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Psychological Adjustment in Breast Cancer Survivors

  • Annette L. Stanton
  • Julienne E. Bower
Part of the Advances in Experimental Medicine and Biology book series (AEMB, volume 862)

Abstract

Women living with a diagnosis of breast cancer constitute more than 20 % of the cancer survivor population in the United States. Research on trajectories of psychological adjustment in women recently diagnosed with breast suggests that the largest proportion of women evidences relatively low psychological distress either from the point of diagnosis or after a period of recovery. Substantial heterogeneity exists, however, and some women are at risk for lingering depression, anxiety, fear of cancer recurrence and other long-term psychological effects. Most women diagnosed with breast cancer also report a number of benefits that arise from their experience of cancer. Longitudinal studies have illuminated risk and protective factors for psychological adjustment in breast cancer survivors, which we describe in this chapter. Effective psychosocial interventions, as evidenced in randomized controlled trials, also are available for bolstering breast cancer-related adjustment. We offer directions for research to deepen the understanding of biological, psychological, and social contributors to positive adjustment in the context of breast cancer, as well as suggestions for the development of optimally efficient evidence-based psychosocial interventions for women living with the disease.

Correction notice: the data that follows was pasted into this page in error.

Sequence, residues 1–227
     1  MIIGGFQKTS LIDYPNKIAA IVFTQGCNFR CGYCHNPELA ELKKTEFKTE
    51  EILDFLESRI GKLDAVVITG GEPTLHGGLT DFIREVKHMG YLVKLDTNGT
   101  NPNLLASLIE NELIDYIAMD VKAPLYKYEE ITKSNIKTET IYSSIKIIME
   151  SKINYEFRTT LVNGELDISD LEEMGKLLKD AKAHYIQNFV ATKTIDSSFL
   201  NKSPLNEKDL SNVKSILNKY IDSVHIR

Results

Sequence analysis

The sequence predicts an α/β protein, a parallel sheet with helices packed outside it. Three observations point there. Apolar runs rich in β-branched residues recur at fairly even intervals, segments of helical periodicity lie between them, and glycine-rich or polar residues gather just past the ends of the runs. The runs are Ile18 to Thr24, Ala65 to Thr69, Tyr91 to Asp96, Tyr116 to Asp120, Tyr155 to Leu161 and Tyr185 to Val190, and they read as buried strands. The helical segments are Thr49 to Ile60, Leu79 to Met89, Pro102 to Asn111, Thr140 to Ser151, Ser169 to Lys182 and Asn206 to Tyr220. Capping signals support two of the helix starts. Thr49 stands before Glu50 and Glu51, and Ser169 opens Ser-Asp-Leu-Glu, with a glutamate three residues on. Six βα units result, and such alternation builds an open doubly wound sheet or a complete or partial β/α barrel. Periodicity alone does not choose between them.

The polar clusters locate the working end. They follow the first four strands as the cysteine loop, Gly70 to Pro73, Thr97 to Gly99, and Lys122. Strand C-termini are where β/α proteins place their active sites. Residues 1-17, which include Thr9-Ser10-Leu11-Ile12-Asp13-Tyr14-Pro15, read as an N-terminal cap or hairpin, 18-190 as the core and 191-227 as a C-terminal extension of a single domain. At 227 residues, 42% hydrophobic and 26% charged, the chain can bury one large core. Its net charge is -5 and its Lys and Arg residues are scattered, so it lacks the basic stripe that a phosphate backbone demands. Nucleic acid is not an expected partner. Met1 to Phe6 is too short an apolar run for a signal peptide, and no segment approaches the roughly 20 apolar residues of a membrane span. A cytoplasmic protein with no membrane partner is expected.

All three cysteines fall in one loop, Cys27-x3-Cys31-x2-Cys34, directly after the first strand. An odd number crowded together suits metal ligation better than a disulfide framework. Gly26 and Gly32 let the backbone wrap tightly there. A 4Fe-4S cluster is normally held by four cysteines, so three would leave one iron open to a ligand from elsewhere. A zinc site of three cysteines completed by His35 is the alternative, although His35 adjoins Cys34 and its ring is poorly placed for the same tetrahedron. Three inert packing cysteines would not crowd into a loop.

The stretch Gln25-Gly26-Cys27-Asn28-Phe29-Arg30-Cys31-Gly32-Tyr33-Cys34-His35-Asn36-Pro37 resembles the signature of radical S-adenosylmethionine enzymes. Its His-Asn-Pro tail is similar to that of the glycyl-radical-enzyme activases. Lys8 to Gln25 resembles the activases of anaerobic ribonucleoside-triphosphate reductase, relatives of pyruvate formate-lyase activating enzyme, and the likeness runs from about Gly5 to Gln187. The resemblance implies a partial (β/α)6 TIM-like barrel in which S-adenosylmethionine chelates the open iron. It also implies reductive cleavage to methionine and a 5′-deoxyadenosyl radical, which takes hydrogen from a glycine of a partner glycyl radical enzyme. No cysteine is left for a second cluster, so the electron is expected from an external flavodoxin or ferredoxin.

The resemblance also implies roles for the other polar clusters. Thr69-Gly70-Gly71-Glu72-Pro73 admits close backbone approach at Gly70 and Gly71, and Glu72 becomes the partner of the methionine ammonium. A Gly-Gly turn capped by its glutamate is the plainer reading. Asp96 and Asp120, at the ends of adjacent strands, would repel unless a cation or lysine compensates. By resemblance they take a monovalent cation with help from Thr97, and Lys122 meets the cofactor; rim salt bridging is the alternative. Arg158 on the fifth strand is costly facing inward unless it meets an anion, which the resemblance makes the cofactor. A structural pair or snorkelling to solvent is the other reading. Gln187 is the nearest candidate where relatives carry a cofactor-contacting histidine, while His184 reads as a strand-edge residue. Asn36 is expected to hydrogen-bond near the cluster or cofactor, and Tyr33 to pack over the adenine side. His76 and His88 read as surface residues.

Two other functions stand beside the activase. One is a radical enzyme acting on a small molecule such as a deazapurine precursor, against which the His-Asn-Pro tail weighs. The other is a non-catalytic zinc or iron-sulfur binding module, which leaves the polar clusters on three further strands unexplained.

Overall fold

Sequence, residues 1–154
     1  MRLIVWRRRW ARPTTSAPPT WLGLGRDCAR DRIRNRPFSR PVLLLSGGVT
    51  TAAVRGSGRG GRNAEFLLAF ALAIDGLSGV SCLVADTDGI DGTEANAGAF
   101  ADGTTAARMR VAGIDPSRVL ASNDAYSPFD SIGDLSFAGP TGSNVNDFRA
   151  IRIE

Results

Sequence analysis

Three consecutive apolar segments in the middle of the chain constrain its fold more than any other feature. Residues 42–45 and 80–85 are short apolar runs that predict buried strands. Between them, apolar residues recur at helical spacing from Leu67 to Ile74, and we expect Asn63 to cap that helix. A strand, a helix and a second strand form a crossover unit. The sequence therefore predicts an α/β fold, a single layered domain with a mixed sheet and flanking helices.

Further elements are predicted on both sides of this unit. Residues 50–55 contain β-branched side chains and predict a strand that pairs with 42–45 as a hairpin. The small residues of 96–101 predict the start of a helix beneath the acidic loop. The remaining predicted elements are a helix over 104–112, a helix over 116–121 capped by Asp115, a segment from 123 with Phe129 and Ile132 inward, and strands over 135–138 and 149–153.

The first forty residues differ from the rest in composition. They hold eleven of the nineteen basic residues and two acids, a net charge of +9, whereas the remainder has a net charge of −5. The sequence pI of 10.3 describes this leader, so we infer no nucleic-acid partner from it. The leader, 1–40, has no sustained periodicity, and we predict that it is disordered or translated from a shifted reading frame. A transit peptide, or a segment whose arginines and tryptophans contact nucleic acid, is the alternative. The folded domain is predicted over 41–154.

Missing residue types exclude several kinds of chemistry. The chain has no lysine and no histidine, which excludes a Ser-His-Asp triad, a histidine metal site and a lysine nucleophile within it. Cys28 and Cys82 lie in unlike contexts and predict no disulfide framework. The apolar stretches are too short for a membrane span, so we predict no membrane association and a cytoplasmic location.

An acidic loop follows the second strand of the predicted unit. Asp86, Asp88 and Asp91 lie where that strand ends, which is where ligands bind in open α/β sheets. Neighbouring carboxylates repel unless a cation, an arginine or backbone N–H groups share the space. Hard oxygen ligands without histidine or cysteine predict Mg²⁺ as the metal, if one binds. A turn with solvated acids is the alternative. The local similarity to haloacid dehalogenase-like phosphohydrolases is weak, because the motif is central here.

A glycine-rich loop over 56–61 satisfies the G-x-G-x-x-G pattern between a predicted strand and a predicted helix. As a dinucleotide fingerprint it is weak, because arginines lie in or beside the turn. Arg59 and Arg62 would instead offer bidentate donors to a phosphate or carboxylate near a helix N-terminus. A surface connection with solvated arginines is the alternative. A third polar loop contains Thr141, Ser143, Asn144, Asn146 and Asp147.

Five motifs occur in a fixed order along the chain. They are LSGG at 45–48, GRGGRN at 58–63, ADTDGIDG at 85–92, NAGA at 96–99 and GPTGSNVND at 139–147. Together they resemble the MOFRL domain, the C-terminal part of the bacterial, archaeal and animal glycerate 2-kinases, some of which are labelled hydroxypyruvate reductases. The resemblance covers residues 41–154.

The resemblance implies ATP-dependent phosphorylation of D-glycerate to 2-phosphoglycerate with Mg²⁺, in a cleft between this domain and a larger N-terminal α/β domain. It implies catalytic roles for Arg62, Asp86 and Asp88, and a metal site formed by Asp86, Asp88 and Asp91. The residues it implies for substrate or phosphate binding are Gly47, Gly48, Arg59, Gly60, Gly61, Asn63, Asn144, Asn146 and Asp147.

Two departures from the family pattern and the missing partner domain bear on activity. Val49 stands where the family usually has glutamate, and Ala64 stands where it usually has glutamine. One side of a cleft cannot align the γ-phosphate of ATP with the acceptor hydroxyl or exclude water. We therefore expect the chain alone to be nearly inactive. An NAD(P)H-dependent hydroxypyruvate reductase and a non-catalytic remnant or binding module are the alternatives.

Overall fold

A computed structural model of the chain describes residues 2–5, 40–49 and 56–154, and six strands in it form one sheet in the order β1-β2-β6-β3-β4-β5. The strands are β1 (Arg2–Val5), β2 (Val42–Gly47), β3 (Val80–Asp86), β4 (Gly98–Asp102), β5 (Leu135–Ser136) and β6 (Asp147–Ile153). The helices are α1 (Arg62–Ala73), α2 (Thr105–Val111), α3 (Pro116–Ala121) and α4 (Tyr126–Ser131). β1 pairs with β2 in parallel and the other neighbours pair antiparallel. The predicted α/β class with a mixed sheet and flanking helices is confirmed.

Keywords

Breast cancer Psychological distress Quality of life Randomized controlled trial Intervention Survivorship 

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Copyright information

© Breast Cancer Research Foundation 2015

Authors and Affiliations

  1. 1.Departments of Psychology and Psychiatry/Biobehavioral SciencesJonsson Comprehensive Cancer Center, University of CaliforniaLos AngelesUSA

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